PCS union activists are debating the way forward after members voted to strike over pay, but didn’t quite meet the turnout threshold demanded by Tory anti-union laws.
Members of the PCS, who work in major government departments, voted by 79 percent to 21 percent for strikes over pay.
The turnout, at 48 percent, was the highest ever achieved in the history of PCS.
But it was a whisker lower than the 50 percent required under the Tories’ 2015 anti-union laws.
Civil service workers are fighting to break years of below-inflation pay rises of 1 percent—effectively a decade of pay cuts.
It means the average civil servant, on a salary of £26,000, is worse off by £2,100 a year.
Colin, a worker at the Department for Work and Pensions in Glasgow, said, “I need a wage increase to help me survive from day to day.
“By the end of the month I struggle as I have almost nothing left and sometimes have to use my credit card putting me further into debt.”
The result shows there are tens of thousands of civil service workers who want a fight over pay and who could give a lead to others.
It’s also an improvement on a national strike ballot over pay last year, which had a turnout of 42 percent.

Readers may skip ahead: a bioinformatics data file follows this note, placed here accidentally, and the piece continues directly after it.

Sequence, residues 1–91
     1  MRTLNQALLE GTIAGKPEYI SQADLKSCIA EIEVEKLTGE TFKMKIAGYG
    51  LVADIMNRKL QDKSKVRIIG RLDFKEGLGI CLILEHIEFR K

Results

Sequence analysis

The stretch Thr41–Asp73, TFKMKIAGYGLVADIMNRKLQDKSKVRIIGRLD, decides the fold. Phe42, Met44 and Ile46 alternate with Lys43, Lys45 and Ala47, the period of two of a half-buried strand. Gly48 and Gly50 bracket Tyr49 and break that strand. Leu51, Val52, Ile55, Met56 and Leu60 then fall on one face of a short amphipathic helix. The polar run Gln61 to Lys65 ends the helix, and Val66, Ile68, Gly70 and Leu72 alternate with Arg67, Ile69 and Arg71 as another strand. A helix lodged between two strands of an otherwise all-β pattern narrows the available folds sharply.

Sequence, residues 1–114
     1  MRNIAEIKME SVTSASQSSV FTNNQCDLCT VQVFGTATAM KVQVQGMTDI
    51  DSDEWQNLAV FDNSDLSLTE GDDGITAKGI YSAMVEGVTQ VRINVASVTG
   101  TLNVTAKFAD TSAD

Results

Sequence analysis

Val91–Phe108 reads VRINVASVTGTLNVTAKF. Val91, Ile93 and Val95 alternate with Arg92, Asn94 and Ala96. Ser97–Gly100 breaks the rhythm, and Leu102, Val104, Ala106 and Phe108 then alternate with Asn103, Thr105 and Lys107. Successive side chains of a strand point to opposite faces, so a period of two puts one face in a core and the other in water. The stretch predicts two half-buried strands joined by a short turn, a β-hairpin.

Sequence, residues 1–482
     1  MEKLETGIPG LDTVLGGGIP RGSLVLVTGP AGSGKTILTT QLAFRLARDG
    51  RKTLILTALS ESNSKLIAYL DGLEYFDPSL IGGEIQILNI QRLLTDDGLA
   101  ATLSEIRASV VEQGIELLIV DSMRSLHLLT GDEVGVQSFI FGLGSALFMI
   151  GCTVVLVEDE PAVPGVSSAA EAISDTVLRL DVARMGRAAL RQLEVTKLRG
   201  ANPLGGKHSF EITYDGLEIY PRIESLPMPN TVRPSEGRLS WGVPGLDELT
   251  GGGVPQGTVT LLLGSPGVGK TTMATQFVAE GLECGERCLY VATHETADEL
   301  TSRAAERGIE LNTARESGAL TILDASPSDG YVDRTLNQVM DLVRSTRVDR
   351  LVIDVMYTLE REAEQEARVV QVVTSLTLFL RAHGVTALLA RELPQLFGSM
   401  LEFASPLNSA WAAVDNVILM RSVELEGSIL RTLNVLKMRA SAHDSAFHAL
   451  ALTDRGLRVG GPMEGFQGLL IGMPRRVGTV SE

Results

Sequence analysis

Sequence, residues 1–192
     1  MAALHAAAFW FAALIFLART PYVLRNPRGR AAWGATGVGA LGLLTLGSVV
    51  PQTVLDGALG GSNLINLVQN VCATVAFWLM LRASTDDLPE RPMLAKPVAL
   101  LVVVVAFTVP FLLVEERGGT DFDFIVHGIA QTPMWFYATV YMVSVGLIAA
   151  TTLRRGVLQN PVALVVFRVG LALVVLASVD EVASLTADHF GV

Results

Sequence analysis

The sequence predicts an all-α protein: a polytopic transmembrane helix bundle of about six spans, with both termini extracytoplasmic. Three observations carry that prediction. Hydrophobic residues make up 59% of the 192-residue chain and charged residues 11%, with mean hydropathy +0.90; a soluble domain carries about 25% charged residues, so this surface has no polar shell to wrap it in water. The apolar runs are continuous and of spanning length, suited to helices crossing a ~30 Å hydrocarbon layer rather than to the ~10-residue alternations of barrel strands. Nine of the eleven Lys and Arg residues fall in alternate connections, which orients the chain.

It shouldn’t be the end of the pay campaign. The best response would be to defy the law and call action anyway.
Sections of the union that want to push ahead and strike over their pay claims should be supported.
And another national strike ballot shouldn’t be ruled out.
Whatever happens, the work done by activists to build the national campaign and strengthen union organisation can be built on.
Candy Udwin, a member of the PCS’s national executive committee, told Socialist Worker, “We were right to go for a national ballot. And we have to find ways to fight.”
She added, “We’ve identified strengths and weaknesses and we can start to address them. The key is rebuilding workplace organisation.”
Reballots have opened the way to bigger struggle